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16
Greece and Rome
Boxing as one of the Ancient Greek sports was
much more intense and brutal than today. The
contestants wore no clothing and even oiled
themselves to look better.
Linked citation goes here
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17
Greece and Rome
Chariot races and horse and rider races are
regular events during the most popular games of
Ancient Greece. The chariots would race 12 laps
and the jockeys would race bareback competing in
a single lap around the arena.
Linked citation goes here
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18
Greece and Rome
Some sports that the Ancient Romans played
included pretty much any test of Athlecticism.
They included anything from riding to wrestling
and swimming. The Ancient Romans would throw and
catch as well as hunt and fish. Women just
watched, they had nothing really to do with
sports.
Linked citation goes here
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19
Greece andRome
The most popular sports in all of the Roman
Empire were boxing, chariot racing, and gladiator
battles. Boxing gloves made of oxhide covered
the palm of the hand, exposing the fingers. The
right arm was used for fighting and the left arm
was used mostly for defending.
Linked citation goes here
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20
Indus Valley
Indus Valley people have seemed to love toys.
They made many toys, such as toy carts, and toy
animals made from baked clay. Archaeologists
have found model cows that waggle their heads on
a string, and toy monkeys that could slide down
ropes.
Linked citation goes here
Return to Exhibit
21
Indus Valley
Indus children may have also played with
pull-along animals on wheels, as well as rattles
and bird-whistles all made from
terracotta.
Linked citation goes here
Return to Exhibit
22
Indus Valley
In early India, games and sports were very much
concerened about the development of the physique
and for the art of offense and defense. Also
games were considered a kind of recreation, which
played a vital role in the development of a mans
personality.
Linked citation goes here
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23
Indus Valley
Fortunately, India has a rich heritage of these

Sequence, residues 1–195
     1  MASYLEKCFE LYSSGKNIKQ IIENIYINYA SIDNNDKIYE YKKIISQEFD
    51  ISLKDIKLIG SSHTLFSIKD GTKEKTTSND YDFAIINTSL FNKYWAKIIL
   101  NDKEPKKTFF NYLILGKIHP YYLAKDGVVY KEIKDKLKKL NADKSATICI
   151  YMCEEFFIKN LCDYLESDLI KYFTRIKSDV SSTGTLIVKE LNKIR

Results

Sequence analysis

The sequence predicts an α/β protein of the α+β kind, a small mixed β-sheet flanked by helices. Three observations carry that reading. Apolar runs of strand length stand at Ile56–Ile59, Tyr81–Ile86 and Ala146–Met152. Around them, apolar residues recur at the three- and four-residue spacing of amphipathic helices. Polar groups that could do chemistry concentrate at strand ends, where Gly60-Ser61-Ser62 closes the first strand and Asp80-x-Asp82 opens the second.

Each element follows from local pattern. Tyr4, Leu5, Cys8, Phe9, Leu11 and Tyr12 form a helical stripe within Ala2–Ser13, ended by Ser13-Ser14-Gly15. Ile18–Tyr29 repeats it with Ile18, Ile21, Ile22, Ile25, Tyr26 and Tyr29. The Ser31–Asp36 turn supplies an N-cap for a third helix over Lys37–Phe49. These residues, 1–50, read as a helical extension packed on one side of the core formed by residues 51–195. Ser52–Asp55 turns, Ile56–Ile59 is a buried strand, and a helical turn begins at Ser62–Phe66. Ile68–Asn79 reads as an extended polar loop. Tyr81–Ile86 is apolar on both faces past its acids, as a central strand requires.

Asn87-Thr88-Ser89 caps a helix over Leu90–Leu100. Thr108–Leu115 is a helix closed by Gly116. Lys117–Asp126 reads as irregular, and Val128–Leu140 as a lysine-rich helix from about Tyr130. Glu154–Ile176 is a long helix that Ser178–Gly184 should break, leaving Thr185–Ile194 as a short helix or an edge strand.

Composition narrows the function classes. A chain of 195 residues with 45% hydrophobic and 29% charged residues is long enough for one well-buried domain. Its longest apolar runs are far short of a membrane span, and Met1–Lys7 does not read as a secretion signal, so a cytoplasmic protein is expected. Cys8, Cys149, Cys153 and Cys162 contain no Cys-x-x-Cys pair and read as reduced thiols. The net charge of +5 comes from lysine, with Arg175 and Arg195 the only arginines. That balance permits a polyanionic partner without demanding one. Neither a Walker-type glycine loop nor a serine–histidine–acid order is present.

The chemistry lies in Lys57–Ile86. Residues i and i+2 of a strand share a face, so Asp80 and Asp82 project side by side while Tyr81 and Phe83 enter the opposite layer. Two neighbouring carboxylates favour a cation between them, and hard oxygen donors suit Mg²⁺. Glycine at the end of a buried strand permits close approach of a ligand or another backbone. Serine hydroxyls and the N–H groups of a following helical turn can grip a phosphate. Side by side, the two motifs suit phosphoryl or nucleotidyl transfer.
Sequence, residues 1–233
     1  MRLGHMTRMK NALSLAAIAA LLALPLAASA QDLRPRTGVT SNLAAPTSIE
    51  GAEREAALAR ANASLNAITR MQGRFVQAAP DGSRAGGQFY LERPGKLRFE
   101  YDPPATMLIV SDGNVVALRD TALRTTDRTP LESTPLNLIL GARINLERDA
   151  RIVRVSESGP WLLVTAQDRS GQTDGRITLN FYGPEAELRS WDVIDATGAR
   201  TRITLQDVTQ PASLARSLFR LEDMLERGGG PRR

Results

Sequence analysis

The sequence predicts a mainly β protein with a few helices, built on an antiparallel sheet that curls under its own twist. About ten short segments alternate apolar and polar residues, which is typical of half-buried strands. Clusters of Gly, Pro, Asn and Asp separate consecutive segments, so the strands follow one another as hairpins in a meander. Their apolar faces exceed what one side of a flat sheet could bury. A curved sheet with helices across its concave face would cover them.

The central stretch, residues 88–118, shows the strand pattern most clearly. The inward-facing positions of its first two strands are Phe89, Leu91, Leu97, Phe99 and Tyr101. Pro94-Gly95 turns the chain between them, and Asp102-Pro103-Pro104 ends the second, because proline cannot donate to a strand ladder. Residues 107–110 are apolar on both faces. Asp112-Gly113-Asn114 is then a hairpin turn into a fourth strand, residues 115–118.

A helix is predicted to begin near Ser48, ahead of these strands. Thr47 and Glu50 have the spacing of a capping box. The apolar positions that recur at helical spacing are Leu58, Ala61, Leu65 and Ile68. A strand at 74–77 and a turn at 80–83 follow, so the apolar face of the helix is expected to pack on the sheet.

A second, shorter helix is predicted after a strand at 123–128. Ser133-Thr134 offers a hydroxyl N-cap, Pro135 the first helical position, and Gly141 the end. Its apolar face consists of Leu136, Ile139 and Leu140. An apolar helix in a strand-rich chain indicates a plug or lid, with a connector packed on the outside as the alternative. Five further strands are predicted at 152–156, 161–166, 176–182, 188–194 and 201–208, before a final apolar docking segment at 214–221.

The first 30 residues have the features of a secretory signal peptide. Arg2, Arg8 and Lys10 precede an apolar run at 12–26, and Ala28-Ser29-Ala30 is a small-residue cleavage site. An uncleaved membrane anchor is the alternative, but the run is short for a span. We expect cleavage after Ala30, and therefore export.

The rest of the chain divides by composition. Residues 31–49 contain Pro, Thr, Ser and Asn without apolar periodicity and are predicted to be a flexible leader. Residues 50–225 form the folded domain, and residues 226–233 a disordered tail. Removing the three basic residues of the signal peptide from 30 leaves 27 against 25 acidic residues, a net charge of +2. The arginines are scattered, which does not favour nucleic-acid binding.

activities and can be found in the archoeogical
excavations of Mohenjadaro and Harappa.

Linked citation goes here
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24
Egypt
A variety of sporting activities and athletics
were part of an Ancient Egyptian lifestyle.
Wrestling, archery, and throwing the javelin seem
to have been the favorites. Navigating the Nile
made the Ancient Egyptians expert rowers. Rowing
competitions seem to have been as common as ball
games.
Linked citation goes here
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25
Egypt
Many of todays sports were practiced by the
Ancient Egyptians, who set the rules and
regulations for them. Inscriptions on monuments
indicate that they practiced wrestling,
weightlifting, long jump, swimming, rowing,
shooting, fishing, and athletics, as well as
various kinds of ball games.
Linked citation goes here
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26
Egypt
Ancient Egyptians played a game that is similar
to our present-day hockey. Drawings on tombs at
Ben Hassan shows players holding bats made of
long palm tree branches, with a bent end similar
to that of the hockey bat. The hockey ball was
made of compressed papyrus fiber covered with two
pieces of leather in the shape of a
semi-circle.
Linked citation goes here
Return to Exhibit
27
Egypt
Fishing was one of the sports practiced by
kings, princes, and commoners. There are many
drawings of scenes of fishing as a hobby on the
Saqqara tombs of the old kingdom as much as there
are on the new monuments.
Linked citation goes here
Return to Exhibit